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Like Pakistan, Bangladesh reaches out IMF

Pakistani intellectuals who were portraying Bangladesh as successful economic model should reconsider their position as Bangladesh is seeking $4.5b loan from IMF!

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Bangladesh’s government asked for help from the International Monetary Fund just a week after putting in place planned power outages to deal with the rising cost of fuel. Two other South Asian countries have also done this in recent months.

Officials from the government said that the country was running out of foreign currency, which is why both Sri Lanka and Pakistan asked the IMF for help.

The finance minister of Bangladesh, A.H.M. Mustafa Kamal, said on Wednesday, “We can’t just print dollars; we have to earn them.” “The hard work of our people who work or do business abroad brings us money. They are the engine that keeps our economy going.”

Fears of a global recession have caused both money sent from Bangladeshis living abroad and exports to go down.

Read more: Bangladesh’s measure to minimize the sufferings of global energy crisis

Russia’s invasion of Ukraine has caused high inflation, which hurts developing countries whose economies depend on importing fuel. As trade deficits grow, governments are having a hard time building up enough foreign reserves to buy diesel, gasoline, and cooking gas, which are getting more and more expensive to import.

Sri Lanka’s government stopped paying its debts in April, which caused a crisis that led to the president’s resignation this month. Drivers there have to wait in line for days to get gas. People who watch the world worry that other countries could also have trouble.

“The government of Sri Lanka was the first to fall. Because of inflationary pressures, there have already been protests about food and fuel prices in at least 17 countries,” Samantha Power, the head of the U.S. Agency for International Development, said at a meeting on the global food crisis on Wednesday in New Delhi. “If history is any guide, we know that Sri Lanka’s government won’t be the last to fall.”

Nepal is one of the poorest countries in the area. It hadn’t fully recovered from the effects of the pandemic and the drop in tourism to Mount Everest when global inflation hit, which made its foreign reserves even smaller.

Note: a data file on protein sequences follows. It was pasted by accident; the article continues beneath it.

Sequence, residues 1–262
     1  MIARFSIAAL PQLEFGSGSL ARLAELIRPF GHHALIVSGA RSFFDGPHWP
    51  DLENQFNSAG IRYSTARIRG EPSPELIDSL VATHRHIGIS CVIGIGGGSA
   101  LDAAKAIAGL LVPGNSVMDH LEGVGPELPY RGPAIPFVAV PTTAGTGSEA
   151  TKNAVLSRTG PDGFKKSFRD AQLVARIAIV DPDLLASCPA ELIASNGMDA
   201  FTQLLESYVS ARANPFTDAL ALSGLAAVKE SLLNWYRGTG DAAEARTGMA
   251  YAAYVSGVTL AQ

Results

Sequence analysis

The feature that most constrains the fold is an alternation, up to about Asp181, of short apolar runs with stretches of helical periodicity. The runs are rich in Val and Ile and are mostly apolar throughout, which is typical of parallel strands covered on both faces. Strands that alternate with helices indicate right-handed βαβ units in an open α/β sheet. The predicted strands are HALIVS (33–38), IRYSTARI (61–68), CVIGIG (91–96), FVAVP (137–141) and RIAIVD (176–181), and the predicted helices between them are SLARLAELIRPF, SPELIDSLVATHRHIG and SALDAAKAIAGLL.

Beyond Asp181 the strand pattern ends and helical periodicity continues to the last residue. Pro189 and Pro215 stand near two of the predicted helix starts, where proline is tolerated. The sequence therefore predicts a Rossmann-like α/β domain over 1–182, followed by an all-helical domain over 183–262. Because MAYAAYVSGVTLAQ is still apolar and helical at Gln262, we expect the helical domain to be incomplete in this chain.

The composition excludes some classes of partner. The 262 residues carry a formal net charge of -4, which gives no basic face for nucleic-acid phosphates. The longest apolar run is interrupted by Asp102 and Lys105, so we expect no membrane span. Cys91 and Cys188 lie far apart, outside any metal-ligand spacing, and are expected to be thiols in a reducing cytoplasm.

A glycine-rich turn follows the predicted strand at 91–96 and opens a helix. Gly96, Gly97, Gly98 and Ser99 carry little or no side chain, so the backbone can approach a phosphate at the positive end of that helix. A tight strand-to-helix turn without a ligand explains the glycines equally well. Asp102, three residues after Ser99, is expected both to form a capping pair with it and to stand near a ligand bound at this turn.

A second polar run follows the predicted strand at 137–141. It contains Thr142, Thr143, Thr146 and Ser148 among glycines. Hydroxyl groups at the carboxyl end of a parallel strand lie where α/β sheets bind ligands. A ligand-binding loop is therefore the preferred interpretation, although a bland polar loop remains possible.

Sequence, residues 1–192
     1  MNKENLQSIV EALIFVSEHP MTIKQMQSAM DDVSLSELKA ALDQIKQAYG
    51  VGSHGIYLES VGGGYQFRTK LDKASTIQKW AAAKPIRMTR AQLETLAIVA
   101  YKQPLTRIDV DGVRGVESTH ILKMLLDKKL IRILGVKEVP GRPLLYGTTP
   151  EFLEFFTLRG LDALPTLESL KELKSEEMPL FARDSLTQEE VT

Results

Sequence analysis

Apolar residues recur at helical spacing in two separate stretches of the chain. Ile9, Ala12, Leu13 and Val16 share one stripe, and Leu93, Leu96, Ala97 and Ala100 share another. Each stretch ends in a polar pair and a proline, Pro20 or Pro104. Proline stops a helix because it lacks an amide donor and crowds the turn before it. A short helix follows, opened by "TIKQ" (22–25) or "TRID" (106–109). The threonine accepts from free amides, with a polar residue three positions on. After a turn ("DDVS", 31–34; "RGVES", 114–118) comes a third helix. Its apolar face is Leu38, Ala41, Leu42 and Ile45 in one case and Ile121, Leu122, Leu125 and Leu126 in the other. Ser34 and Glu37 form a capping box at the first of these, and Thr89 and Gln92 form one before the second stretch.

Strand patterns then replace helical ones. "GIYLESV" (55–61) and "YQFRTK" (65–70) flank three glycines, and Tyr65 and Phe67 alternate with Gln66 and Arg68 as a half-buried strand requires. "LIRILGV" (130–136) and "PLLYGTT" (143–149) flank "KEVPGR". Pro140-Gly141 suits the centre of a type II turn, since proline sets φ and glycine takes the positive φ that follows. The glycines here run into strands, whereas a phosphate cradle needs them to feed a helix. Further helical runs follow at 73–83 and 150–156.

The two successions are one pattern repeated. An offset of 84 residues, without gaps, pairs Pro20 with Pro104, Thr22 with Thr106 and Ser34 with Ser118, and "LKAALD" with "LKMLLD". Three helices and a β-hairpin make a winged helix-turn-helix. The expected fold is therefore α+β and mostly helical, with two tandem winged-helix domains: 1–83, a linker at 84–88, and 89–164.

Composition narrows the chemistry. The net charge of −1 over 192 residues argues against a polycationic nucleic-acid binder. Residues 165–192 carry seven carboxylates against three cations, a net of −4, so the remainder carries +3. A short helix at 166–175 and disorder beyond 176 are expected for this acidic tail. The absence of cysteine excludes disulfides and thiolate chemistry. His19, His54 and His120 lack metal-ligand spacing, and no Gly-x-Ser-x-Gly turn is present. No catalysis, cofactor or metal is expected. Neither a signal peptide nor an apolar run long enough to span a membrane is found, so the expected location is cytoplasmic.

The office of Sri Lanka’s prime minister was taken over by protesters this month.

Nepal’s government spends about a fifth of its budget on importing diesel, gas, and other petroleum products. Its debt to India, which is its only source of fuel, has grown to dangerous levels.

Fuel rationing by the government has made prices for consumers go up even more.

A taxi driver in Kathmandu, Rajendra Tamang, said that the price of gas has nearly doubled in the past year.

“Once the price of fuel goes up, the price of everything goes up, from tea to clothes to travel. The prices of food have also gone up. “Rents are going up,” he said.

“But I’m making less money. “People won’t take a taxi unless they’re in trouble,” he said.

In the same way, India’s foreign reserves are being used up by a growing deficit.

According to data from the central bank, the country’s foreign exchange reserves fell by $7.5 billion in the week ending July 15. This is more than 6 percent less than the same week last year.

India has tried to deal with the problem by continuing to buy cheaper oil from Russia and banning the export of wheat. These steps have kept the country from running out of food like some of its neighbours have.

But people are starting to feel inflation.

This week, there were protests in India’s Parliament after opposition leaders asked for a meeting to talk about rising food prices. Rahul Gandhi, an opposition leader from the Indian National Congress party, was held for a short time on Tuesday after he protested against rising prices and unemployment in front of Parliament.

Wednesday, there were protests in India because food prices are going up and unemployment is high.

Pakistan reached a preliminary deal with the IMF this month to bring back a $6 billion bailout programme. This came as the country was getting close to a balance of payments crisis.

The deal broke a deadlock in talks that had been going on for months. It came after Pakistan’s Prime Minister, Shehbaz Sharif, took tough economic steps to meet IMF demands, such as raising electricity rates, fuel prices, and government subsidies.

People are upset about these moves, which have made the country’s political crisis worse at a time when the economy is falling apart, the currency is losing value, and inflation is in the double digits.

Bangladesh was different from the other South Asian countries that saw big drops in their economies in 2020. Its second-largest export industry, which makes clothes to sell abroad, kept the economy growing.

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But the invasion of Ukraine and the rise in the prices of commodities have been bigger problems.

Last week, the government started cutting power as planned and shut down diesel-powered power plants for good because diesel is so expensive. It has also told gas stations to close at least once a week.

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